Congress-NCP alliance for Mumbai civic polls a measure of their weakness and Sena's strength
Shiv Sena executive president Uddhav Thackeray on Wednesday refuted the view that the upcoming Mumbai corporation election was a fight for existence, in the face of a combined Congress and Nationalist Congress Party opposition.
“How can it be a fight for existence when we have fulfilled our promises? We have functioned in a transparent manner. Mumbaikars will definitely give a fourth term to us,” Mr. Thackeray said in response to a question. He said the fact that the Congress-NCP had to form an alliance to contest the polls was a measure of their weakness and the Sena's strength.
“Despite being full of scorn for each other, the Congress and NCP have come together. They are always berating each other. They are both worthless. When such worthless forces become partners, it is only going to benefit us. We will win more seats,” Mr. Thackeray said.
Asked about his assessment of the non-Marathi vote, the Sena leader said he did not regard the citizens of Mumbai along Marathi and non-Marathi lines. “I look at the Mumbaikars as a whole.” He also questioned what the Congress-NCP had done for the non-Marathis.
Alluding to personality politics and incidents of political vandalism, Mr. Thackeray said the polity in Maharashtra was deteriorating. “This kind of violence is disgusting. Maharashtra's politics was traditionally cultured. Yes, there can be accusations and counter-accusations but to resort to violence is to stoop very low. The people will not tolerate this.”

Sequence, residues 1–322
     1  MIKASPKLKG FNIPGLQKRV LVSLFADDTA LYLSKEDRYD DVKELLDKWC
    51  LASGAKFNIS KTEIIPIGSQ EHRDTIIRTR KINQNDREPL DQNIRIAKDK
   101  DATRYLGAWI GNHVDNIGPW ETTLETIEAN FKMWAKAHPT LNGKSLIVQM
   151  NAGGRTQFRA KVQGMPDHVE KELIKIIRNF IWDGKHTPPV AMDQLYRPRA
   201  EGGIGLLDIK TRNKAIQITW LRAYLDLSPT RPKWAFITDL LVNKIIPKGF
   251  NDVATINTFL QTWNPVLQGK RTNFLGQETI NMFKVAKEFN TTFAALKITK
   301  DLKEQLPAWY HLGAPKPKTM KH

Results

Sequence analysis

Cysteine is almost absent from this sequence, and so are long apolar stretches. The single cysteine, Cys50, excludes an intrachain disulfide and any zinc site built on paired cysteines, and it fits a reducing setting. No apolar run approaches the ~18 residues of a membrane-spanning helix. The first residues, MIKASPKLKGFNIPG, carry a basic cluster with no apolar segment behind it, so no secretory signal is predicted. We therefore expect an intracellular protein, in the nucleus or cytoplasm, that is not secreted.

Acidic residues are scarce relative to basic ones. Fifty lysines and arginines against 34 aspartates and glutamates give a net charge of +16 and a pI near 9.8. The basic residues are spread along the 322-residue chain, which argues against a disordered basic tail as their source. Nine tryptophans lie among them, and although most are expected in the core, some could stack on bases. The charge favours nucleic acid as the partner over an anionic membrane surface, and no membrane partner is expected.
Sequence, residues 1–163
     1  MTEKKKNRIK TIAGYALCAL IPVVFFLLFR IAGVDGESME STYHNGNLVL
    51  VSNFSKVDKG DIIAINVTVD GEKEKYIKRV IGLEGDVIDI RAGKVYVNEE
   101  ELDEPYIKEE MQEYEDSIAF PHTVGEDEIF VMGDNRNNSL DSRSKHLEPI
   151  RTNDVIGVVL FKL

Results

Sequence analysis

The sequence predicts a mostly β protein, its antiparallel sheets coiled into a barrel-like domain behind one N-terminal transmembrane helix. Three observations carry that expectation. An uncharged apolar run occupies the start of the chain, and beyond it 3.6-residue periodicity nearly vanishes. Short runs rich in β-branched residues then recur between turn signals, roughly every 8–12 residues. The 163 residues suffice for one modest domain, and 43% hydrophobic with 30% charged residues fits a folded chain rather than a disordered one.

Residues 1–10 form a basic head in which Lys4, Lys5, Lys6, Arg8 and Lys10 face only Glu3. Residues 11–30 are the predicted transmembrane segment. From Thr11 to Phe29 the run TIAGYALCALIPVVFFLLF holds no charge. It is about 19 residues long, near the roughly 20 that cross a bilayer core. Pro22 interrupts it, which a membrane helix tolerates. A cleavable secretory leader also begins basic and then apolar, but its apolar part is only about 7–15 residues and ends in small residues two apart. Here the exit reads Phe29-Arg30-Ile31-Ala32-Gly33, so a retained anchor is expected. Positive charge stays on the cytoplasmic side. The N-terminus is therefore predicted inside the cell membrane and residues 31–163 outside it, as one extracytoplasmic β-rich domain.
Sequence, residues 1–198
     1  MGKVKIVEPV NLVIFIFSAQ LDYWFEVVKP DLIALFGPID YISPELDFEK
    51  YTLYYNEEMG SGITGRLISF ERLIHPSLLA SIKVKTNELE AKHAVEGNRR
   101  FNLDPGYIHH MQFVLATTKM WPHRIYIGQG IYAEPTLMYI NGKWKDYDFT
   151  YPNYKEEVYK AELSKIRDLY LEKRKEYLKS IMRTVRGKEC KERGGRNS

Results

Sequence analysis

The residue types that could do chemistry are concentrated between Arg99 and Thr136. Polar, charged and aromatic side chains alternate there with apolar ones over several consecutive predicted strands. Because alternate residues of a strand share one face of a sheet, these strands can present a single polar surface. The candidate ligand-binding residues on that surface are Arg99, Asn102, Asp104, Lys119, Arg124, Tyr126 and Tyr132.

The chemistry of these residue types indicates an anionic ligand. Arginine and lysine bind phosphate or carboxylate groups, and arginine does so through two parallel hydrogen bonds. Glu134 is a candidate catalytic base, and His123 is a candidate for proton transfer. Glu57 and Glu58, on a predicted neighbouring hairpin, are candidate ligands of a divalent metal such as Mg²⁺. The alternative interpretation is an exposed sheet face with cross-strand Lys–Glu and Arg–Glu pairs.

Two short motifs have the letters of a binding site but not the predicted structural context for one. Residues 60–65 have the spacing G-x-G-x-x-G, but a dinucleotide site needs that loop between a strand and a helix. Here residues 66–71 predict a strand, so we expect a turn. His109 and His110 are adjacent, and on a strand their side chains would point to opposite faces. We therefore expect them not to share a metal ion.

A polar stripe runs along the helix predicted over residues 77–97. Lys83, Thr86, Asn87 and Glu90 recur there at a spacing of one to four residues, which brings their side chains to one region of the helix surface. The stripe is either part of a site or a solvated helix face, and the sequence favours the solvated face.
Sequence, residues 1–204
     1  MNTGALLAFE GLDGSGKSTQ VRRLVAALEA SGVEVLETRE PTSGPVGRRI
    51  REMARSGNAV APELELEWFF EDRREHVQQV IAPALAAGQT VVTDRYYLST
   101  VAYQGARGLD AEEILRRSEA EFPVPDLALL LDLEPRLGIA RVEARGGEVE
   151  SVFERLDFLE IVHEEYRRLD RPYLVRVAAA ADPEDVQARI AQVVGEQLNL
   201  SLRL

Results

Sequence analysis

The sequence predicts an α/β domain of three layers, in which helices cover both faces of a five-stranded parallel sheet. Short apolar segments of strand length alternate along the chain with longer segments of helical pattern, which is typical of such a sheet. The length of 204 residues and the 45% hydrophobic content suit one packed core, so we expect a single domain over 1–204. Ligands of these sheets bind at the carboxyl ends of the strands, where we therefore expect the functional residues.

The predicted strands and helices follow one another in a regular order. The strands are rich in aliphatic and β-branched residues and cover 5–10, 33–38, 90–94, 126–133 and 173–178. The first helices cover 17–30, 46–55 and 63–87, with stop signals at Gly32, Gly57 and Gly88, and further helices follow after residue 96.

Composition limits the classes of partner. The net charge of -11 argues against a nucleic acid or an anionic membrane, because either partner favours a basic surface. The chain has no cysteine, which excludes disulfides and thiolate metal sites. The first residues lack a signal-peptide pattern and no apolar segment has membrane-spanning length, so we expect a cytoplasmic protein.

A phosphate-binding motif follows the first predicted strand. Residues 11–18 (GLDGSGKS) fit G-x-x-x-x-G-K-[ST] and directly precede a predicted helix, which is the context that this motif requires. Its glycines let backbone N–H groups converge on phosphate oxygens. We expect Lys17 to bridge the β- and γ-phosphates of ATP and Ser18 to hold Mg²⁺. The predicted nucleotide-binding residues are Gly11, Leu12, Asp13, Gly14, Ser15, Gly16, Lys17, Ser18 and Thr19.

About rebellion in the party, Mr. Thackeray said it was not significant and rebels had been expelled from the party.
Slams MNS chief
Reacting to his estranged cousin and Maharashtra Navnirman Sena (MNS) chief Raj Thackeray's criticism of the functioning of the Mumbai civic body, Uddhav said the MNS leader was blind to the development brought about in the city.
He also hit out at Raj for his view of retaining Belgaum in Karnataka. “Only talking about Marathi pride is not enough. If he cannot understand the issue and the sentiments of the Belgaum people, it is his misfortune. The people did not go to live there. They were already living there when the [Karnataka's Statehood] was imposed on them,” he said.
Fielding questions on schools, water supply, health and infrastructure in the city, Mr. Uddhav Thackeray said his party's administration in the Brihanmumbai Municipal Corporation (BMC) had met “90 per cent” of the promises of the earlier manifesto. On the pothole issue that rocked Mumbai, he said the scale of the problem was exaggerated and his party had completed much of the mending work.
He said Mumbai was given a “step-motherly” treatment by the Centre. Apart from receiving poor funding, permissions for development works were being delayed. “Find out how much time the Centre took to give approval to Lavasa and to Middle Vaitarna dam project in comparison. For Lavasa, the Chief Minister himself went to meet the Central leadership and even a minister in Delhi was changed to give the clearance.”
He also accused the Congress-led government of clipping the powers of the BMC by giving rights to various other bodies such as the Metropolitan Region Development Authority and Public Works Department.
Concern over EVMs
Mr. Thackeray raised his concern about complaint over the electronic voting machine. He called upon all political parties to come together and find a solution.
To a question, the Sena leader termed the incident where Karnataka ministers were found watching pornographic film in the Karnataka Assembly “despicable.”